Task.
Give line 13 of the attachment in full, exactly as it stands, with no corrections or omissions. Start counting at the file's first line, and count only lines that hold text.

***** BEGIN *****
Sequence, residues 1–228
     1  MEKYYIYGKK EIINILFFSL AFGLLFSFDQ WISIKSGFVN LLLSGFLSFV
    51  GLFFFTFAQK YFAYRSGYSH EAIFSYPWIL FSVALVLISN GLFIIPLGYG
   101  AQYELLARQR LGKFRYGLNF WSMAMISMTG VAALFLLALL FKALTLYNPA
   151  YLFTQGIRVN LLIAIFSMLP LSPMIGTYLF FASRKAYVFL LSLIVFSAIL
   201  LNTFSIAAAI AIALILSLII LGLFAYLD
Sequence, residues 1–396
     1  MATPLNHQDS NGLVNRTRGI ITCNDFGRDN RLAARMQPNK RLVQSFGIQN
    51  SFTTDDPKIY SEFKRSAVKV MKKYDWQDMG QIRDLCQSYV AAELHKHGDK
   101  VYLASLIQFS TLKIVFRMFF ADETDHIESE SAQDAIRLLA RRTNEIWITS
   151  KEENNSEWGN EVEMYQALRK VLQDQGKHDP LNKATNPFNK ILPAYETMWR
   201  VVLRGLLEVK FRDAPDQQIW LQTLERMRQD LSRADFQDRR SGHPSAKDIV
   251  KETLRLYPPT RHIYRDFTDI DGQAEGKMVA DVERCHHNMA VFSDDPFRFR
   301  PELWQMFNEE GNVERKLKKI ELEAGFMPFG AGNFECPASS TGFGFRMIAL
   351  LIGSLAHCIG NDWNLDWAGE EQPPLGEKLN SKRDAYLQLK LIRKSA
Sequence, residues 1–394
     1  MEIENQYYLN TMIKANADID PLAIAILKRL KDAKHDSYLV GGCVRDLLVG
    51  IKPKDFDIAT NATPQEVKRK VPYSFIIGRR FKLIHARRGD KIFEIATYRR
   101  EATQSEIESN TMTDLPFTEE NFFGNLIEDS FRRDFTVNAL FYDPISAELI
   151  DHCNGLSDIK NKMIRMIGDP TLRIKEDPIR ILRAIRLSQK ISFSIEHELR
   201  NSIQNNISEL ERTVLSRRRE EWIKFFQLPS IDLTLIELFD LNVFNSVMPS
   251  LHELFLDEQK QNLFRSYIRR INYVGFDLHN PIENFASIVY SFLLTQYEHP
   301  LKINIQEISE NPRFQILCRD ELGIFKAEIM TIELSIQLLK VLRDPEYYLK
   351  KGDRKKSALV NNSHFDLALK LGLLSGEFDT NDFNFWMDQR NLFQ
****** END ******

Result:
   251  KETLRLYPPT RHIYRDFTDI DGQAEGKMVA DVERCHHNMA VFSDDPFRFR